By Sharon Mager
PORT DEPOSIT, Md. — Pleasant View Baptist Church (PVBC) in Port Deposit, Md., will welcome Josh McDowell in person on March 23 to share about “Relationships that Transform.” McDowell is a popular author and speaker, sharing how he, as an agnostic, discovered the truth of the Gospel. McDowell’s presentation is part of the church’s ongoing emphasis to reach out to broken families in their community.
PVBC believes deeply in the Great Commission, and they’re obedient to the charge, near and far. They send and support missions work internationally – sometimes in places that are hostile to the Gospel. Ministering closer to home, they support a variety of missions including the Salaam Center in Baltimore, Md., a place of refuge for internationals arriving in the United States, alone and in need of navigating a new world, and of friendship.
Even closer to home, the church is busy loving their neighbors. They’ve developed a three-part strategic outreach initiative: helping single and broken families; combatting drug use and ministering to those addicted and their families; and connecting with and serving local schools.
“We don’t want to neglect our own back yard,” emphasized PVBC Student Pastor Andrew Goins, who coordinates the local community initiative along with Associate Pastor Josh Phillips.
Serving schools has been an excellent opportunity to identify and serve local needs. Goins said the school ministry is a natural extension of the church’s outreach. Several teachers attend the church, and they know first-hand the struggles that teachers and staff experience daily, and they know which families need assistance.
The church adopted five schools, praying for them, assisting with school supplies and other basic needs, and being there — open to meet needs as they arise.
Goins said the church approached school administrators asking how the church could help them, and the schools responded, giving the church an outline of basic needs, particularly supplies for students and teachers.
“We bought them tons of the stuff they asked for, and we delivered it,” Goins said, adding that the gifts offered the church members opportunities to talk and build relationships with the teachers.
At one local elementary school, the church has a birthday bash for kids each month during lunchtime. “Our church gives them ‘goodie bags,” Goins explained — another bridge builder.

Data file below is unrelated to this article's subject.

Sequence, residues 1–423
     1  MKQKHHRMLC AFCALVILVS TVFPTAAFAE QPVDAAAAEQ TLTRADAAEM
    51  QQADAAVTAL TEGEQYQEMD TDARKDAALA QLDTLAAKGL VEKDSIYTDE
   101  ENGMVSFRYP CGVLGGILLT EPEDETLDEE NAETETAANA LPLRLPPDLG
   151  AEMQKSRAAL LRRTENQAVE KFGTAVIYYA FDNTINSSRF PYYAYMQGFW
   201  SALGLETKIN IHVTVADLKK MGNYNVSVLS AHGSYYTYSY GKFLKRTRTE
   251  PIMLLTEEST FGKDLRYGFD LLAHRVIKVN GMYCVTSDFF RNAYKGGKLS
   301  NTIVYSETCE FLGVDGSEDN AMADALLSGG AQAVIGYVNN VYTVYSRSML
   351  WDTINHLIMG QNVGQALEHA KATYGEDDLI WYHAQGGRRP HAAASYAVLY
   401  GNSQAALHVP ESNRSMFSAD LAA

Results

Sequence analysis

To address the drug problems in the community the church hosted an addictions workshop in September and more than 60 people attended. Parents, a former addict, and a state police officer, who deals with narcotics, spoke at the meeting. Afterward, attendees could receive NARCAN training, learning to use a drug that partially or completely reverses a heroin overdose. Goins said each attendee left with many resources provided by the county.
Continuing their emphasis on combatting drug use, the church partnered with “Ride4Life,” an Ohio based Christian motorcycle group, to do shows for a local middle school in October. The cyclists did a few stunts at a school assembly and then shared with the students about the perils of drug addiction. Afterward, they invited the children and their families to an upcoming “Spooktacular” event where the cyclists performed a stunt show to the cheers of the crowd before openly sharing the Gospel of Jesus. The whole town was involved. Police shut off the road, and even the mayor attended.
During the Christmas holiday, the church continued its act of loving their neighbors. The church invited students and their families to a huge Christmas party.
“We served them coffee, or hot cocoa, and cookies, and told them about the reason for Christmas,” Goins said.
Visitors strolled through a live manger scene, with actors portraying Mary, Joseph, the shepherds, and angels. A choir sang carols.
“We had three or four good crowds that night. Then we brought them inside and gave them gifts and Bibles,” Goins said. The church partnered with “Candy Cane Kids Ministry,” for the party and the church youth group lent a hand with the whole event. Members of the Fellowship of Christian Athletes also participated in giving out the gifts.
In the spring, Goins said the church will work with the local police department for a bicycle giveaway. They’ll have a cookout and present bicycles to children who otherwise couldn’t afford one.
They see the fruit of their labors, people are responding, especially the schools. Goins said the church is especially excited that one school has reached out to the church asking for help with a school service project.
“They’re taking the entire school of sixth to ninth graders out to serve their community. That’s never been done in our area, and we can share with them how to go about doing that,” Goins said. “That’s going to be a big deal in the area.”
Goins said there are also plans for the school and church, to partner to do a future community project together.
For more information about the church’s community initiatives, contact Goins. For information about tickets to the Josh McDowell event and register online, visit the church WEBSITE. Tickets are available for $20 each through Feb. 28 and then $25 afterward.